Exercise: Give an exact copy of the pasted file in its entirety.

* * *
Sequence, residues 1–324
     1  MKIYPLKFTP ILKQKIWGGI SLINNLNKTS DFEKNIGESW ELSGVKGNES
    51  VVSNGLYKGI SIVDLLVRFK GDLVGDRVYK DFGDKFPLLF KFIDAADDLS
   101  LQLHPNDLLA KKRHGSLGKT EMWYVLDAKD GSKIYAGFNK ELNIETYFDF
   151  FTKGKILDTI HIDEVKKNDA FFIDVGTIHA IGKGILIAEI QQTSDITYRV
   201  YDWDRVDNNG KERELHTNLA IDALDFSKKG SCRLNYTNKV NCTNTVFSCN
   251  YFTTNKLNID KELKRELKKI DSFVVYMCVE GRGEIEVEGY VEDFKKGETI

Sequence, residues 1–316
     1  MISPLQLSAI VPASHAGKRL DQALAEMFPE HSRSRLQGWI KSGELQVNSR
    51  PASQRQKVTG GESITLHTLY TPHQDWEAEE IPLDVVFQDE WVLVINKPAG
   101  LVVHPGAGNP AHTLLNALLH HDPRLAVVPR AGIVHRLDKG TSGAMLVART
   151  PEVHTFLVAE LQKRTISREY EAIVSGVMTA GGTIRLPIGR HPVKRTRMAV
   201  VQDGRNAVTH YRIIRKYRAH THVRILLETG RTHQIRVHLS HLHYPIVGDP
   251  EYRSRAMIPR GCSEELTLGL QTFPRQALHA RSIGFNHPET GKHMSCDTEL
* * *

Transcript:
Sequence, residues 1–324
     1  MKIYPLKFTP ILKQKIWGGI SLINNLNKTS DFEKNIGESW ELSGVKGNES
    51  VVSNGLYKGI SIVDLLVRFK GDLVGDRVYK DFGDKFPLLF KFIDAADDLS
   101  LQLHPNDLLA KKRHGSLGKT EMWYVLDAKD GSKIYAGFNK ELNIETYFDF
   151  FTKGKILDTI HIDEVKKNDA FFIDVGTIHA IGKGILIAEI QQTSDITYRV
   201  YDWDRVDNNG KERELHTNLA IDALDFSKKG SCRLNYTNKV NCTNTVFSCN
   251  YFTTNKLNID KELKRELKKI DSFVVYMCVE GRGEIEVEGY VEDFKKGETI

Sequence, residues 1–316
     1  MISPLQLSAI VPASHAGKRL DQALAEMFPE HSRSRLQGWI KSGELQVNSR
    51  PASQRQKVTG GESITLHTLY TPHQDWEAEE IPLDVVFQDE WVLVINKPAG
   101  LVVHPGAGNP AHTLLNALLH HDPRLAVVPR AGIVHRLDKG TSGAMLVART
   151  PEVHTFLVAE LQKRTISREY EAIVSGVMTA GGTIRLPIGR HPVKRTRMAV
   201  VQDGRNAVTH YRIIRKYRAH THVRILLETG RTHQIRVHLS HLHYPIVGDP
   251  EYRSRAMIPR GCSEELTLGL QTFPRQALHA RSIGFNHPET GKHMSCDTEL